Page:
If you develop wet AMD, treatment is available in the form of anti-VEGF agents, which are usually delivered via monthly injections into the eye. Commonly used agents include ranibizumab (Lucentis®) and aflibercept (Eylea®). It is important to be assessed promptly by an ophthalmologist if you are suspected of developing wet AMD, as delay in treatment can result in visual loss. Your suitability for treatment and an individual treatment programme can be worked out and initiated by your specialist. 

How do I know if my AMD is getting worse?

It is important to regularly monitor your own vision. Changes are not always immediately apparent and it is helpful to use an Amsler chart. This can be used daily or weekly to more easily pick up any changes in your vision.

What is sub-macular haemorrhage?

Several processes is in the eye can give rise to bleeding underneath the retina.  This most commonly happens as a result of wet macular degeneration, although high myopia (very short sighted eyes), eye inflammation and injury can also cause this.  The reason for the bleeding is the formation of abnormal blood vessels in the layers underneath the retina.  

The symptoms are usually a fairly sudden onset of blurring and distortion in the central vision.  It may happen out of the blue, even if you do not have a diagnosis of any eye problems.  If the bleeding occurs in the periphery of the retina, no treatment may be recommended except observation.  Bleeding under the macula, however, may require a surgical approach.  If nothing is done, the blood forms a fibrous scar over time and the vision is not likely to return to normal.  

There are two surgical approaches.  The first is recommended in smaller bleeds and involves an injection of special gas and a clot busting agent such as tissue plasminogen activator into the cavity of the eye.  The drug attempts to dissolve the blood clot and the gas bubble acts with gravity to help shift the blood away from the central retina.  This second approach involves a vitrectomy operation, where keyhole instruments are used to remove the vitreous jelly and deliver that clot busting agent directly underneath the retina to dissolve the blood clot.  A gas bubble is left in the eye to encourage the blood to shift away from the macula.  In both cases, you will be asked to posture, which means you will need to assume a particular head position, usually looking down at the ground.  This will need to be maintained for anywhere between a few hours to a few days after surgery and increase the chances of the blood clot shifting.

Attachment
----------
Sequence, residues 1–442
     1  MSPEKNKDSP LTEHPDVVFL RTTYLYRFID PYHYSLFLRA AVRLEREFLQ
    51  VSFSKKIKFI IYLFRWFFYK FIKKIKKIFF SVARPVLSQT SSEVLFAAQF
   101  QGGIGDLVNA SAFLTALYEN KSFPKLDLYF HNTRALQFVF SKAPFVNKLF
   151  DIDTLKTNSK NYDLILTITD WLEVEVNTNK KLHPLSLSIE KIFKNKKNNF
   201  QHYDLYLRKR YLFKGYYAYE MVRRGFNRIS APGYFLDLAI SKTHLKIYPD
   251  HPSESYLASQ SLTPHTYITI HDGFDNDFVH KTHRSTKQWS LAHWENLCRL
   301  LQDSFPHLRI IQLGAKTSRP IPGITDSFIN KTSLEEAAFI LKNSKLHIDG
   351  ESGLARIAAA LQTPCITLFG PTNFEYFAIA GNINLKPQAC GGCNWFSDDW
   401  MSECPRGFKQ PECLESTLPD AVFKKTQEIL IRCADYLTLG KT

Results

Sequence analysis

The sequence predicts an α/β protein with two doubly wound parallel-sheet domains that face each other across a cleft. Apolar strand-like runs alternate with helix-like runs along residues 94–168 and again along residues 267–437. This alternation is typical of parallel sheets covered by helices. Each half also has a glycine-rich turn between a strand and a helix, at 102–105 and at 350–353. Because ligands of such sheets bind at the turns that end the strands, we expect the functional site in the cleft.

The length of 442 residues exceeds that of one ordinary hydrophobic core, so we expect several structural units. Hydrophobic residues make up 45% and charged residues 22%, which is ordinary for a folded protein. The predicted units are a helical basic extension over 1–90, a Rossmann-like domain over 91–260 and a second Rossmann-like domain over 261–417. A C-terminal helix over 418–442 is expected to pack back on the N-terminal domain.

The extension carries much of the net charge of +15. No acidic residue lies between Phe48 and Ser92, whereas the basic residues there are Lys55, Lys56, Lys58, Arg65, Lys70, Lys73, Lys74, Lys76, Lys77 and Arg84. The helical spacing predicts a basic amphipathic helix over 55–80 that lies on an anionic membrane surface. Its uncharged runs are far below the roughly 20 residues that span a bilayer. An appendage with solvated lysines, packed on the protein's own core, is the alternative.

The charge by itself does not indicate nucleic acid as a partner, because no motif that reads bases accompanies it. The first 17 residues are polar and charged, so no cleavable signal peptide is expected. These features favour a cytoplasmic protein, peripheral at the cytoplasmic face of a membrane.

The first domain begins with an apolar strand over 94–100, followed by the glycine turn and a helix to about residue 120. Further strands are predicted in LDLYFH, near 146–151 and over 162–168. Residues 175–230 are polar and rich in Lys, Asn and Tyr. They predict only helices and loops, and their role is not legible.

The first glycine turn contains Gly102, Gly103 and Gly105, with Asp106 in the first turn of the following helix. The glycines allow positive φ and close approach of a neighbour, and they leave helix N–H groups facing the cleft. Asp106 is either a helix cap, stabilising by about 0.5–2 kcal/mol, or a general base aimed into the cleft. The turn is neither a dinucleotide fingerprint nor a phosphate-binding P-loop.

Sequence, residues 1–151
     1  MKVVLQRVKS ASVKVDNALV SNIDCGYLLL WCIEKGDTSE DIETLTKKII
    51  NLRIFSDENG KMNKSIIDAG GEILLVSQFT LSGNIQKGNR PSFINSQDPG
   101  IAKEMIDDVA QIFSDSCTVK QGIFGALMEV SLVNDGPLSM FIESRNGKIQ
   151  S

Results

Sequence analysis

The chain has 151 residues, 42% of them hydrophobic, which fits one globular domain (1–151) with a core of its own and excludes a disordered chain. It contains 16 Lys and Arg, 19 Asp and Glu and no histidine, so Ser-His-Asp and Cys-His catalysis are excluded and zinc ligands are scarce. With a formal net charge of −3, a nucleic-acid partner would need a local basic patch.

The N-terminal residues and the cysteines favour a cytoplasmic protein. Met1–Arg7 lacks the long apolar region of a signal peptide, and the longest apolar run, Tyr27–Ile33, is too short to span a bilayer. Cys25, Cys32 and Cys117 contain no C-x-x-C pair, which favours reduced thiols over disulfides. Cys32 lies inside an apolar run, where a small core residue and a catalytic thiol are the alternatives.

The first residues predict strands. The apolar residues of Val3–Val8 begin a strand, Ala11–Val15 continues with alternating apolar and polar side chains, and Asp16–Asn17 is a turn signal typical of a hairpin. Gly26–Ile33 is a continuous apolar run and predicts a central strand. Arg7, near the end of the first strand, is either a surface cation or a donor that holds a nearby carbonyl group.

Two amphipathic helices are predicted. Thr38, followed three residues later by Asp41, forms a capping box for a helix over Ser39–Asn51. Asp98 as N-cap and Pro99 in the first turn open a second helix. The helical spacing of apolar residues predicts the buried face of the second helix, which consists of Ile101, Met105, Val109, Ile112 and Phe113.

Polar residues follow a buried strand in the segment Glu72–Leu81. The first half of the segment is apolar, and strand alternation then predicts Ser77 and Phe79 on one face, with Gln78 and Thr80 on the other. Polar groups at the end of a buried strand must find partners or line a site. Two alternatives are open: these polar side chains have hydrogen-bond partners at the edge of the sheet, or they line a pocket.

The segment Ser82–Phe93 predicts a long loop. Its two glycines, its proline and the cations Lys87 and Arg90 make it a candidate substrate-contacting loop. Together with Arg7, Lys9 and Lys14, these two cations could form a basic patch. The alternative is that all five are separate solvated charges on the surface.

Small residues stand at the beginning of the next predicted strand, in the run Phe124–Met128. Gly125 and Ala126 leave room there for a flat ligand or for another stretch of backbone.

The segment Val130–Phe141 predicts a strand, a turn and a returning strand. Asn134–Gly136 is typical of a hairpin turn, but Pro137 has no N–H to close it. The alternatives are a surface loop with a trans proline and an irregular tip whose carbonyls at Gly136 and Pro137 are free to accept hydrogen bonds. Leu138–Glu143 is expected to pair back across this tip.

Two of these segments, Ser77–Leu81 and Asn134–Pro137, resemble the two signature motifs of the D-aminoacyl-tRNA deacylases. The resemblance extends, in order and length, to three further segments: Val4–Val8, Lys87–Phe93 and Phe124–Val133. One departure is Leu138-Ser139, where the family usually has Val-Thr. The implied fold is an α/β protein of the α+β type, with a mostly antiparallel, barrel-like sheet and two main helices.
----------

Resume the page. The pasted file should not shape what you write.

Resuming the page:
These treatments are successful at improving vision in about 50% of cases. 

What further support is available?

If you are struggling with your vision, an appointment in a low vision clinic (LVA appointment) can be arranged with a specialist optometrist. It may also be helpful to discuss the possibility of sight impairment registration with your ophthalmologist, which allows more support from your local Council. 

There are many organisations which offer help and support to patients. You can find links to some of these below.